|Home | About | Journals | Submit | Contact Us | Français|
Stable integration of foreign DNA into the frog genome has been the purpose of several studies aimed at generating transgenic animals or producing mutations of endogenous genes. Inserting DNA into a host genome can be achieved in a number of ways. In Xenopus, different strategies have been developed which exhibit specific molecular and technical features. Although several of these technologies were also applied in various model organizms, the attributes of each method have rarely been experimentally compared. Investigators are thus confronted with a difficult choice to discriminate which method would be best suited for their applications. To gain better understanding, a transgenesis workshop was organized by the X-omics consortium. Three procedures were assessed side-by-side, and the results obtained are used to illustrate this review. In addition, a number of reagents and tools have been set up for the purpose of gene expression and functional gene analyses. This not only improves the status of Xenopus as a powerful model for developmental studies, but also renders it suitable for sophisticated genetic approaches. Twenty years after the first reported transgenic Xenopus, we review the state of the art of transgenic research, focusing on the new perspectives in performing genetic studies in this species.
Studies using the amphibian Xenopus laevis have contributed to a better understanding of the mechanisms of early development for over a century. Several aspects of its physiology promote this species as an ideal laboratory animal for many biological studies (Danilchick et al., 1991). However, X. laevis was left aside as a model for genetic manipulations, due to the difficulty in producing and analysing inheritable genomic modifications. The first limitation occurs due to the genomic duplication that has occurred several times in most fishes and amphibians (Ohno, 1999). The genus Xenopus contains nearly 20 species that are all, except one, polyploid (Graf and Kobel, 1991). X. laevis is considered as a tetraploid and has a generation time of 1–2 years, which together make traditional genetic studies impractical (Bisbee et al., 1977; Evans et al., 2004, 2005; Morin et al., 2006). In addition, there have been few available tools to modify its genetic information for many years. However, technical innovations that allow classical experimental procedures to be combined with sophisticated genetic studies may reinvigorate the use of Xenopus as a model system.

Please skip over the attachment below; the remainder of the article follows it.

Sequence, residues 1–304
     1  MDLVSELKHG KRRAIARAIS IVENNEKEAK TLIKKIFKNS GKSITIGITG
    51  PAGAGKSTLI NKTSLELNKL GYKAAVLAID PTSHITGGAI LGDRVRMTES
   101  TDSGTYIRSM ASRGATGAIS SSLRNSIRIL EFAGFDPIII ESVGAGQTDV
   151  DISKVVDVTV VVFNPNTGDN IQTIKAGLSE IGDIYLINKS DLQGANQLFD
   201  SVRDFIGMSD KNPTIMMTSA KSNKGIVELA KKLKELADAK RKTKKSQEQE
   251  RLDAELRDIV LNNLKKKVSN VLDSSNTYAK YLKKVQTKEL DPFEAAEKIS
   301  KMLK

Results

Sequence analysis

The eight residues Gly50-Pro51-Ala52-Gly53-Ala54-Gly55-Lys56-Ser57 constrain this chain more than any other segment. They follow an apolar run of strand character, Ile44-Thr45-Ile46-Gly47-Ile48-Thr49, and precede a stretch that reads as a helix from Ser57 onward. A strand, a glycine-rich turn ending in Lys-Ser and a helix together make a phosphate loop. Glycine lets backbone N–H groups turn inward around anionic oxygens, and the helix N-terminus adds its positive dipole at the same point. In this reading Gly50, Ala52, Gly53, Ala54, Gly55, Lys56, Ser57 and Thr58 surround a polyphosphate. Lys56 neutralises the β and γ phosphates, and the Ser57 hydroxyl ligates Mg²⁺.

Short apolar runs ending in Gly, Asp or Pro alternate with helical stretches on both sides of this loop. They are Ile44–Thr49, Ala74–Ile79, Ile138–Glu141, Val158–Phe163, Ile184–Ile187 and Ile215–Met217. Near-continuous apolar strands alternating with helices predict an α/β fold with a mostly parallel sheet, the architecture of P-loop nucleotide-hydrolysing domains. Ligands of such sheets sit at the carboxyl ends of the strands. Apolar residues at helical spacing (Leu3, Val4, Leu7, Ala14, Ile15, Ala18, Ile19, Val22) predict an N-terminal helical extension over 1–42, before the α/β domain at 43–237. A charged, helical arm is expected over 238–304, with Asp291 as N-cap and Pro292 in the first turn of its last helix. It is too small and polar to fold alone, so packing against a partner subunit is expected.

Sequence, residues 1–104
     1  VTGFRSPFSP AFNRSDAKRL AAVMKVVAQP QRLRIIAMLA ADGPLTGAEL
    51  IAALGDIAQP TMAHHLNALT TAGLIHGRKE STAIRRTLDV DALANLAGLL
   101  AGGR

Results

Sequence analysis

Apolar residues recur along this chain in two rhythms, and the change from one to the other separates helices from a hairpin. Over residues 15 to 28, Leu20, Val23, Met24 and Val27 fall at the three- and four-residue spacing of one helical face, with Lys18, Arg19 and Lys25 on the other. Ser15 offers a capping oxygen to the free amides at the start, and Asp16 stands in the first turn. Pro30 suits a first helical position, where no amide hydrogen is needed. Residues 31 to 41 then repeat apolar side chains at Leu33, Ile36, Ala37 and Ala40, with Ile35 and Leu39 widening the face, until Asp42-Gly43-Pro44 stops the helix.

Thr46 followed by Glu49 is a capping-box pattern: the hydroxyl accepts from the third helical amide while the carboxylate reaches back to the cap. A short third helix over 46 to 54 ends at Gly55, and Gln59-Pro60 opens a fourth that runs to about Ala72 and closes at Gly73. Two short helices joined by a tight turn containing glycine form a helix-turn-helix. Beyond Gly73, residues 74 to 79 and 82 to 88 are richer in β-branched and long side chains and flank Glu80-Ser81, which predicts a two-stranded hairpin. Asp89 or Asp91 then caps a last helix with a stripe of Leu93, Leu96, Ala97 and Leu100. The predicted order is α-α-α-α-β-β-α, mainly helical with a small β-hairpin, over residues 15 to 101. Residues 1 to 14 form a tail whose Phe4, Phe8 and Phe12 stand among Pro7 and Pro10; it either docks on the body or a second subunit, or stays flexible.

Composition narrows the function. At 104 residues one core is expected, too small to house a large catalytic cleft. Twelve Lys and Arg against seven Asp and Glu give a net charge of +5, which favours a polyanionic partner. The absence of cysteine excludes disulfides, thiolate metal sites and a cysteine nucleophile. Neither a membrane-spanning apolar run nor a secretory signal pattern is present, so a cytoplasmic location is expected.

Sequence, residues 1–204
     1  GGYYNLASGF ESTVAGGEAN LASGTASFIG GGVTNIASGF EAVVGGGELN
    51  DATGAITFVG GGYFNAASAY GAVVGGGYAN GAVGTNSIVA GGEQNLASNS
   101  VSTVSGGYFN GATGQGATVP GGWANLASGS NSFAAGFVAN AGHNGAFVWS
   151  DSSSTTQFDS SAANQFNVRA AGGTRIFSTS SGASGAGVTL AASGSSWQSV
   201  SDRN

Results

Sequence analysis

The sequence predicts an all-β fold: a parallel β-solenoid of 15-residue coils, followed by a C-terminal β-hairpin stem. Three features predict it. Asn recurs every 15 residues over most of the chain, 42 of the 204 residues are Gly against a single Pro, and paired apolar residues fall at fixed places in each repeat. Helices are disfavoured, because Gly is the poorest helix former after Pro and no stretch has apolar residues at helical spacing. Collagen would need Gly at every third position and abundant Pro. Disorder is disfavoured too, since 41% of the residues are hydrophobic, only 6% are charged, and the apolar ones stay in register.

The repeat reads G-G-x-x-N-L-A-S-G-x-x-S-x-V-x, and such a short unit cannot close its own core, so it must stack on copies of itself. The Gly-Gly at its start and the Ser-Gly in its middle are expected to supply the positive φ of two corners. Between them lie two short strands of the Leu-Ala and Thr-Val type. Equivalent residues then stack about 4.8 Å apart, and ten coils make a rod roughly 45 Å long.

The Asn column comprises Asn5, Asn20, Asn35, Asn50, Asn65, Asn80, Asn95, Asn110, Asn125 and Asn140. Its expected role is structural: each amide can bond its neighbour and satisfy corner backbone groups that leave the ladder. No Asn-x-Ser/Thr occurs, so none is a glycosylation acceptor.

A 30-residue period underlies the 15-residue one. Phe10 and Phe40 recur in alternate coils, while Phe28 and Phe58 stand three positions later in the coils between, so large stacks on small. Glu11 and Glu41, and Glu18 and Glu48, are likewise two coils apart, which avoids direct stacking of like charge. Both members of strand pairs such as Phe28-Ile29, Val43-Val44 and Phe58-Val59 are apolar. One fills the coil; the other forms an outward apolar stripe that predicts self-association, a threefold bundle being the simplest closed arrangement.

Two key factors have contributed to this evolution. The first one involves the use of Xenopus tropicalis. X. tropicalis is the only diploid species of the Xenopus genus and has a 6–9 months generation time. X. tropicalis retains nearly all the technical advantages of X. laevis, with the added potential of being amenable to genetic studies (Amaya et al., 1998; Khokha et al., 2002). Importantly, recent results show that cross-species experiments are likely to be successful, due to a high sequence conservation in a number of genes (Chalmers et al., 2005). The research community can therefore build on knowledge, technical expertise and tools developed using X. laevis for their applications in X. tropicalis. In addition, the genome sequence is now available and a variety of genomic resources are accessible and organized via the Internet resource Xenbase (http://www.xenbase.org) (Richardson and Chapman, 2003; Bowes et al., 2008).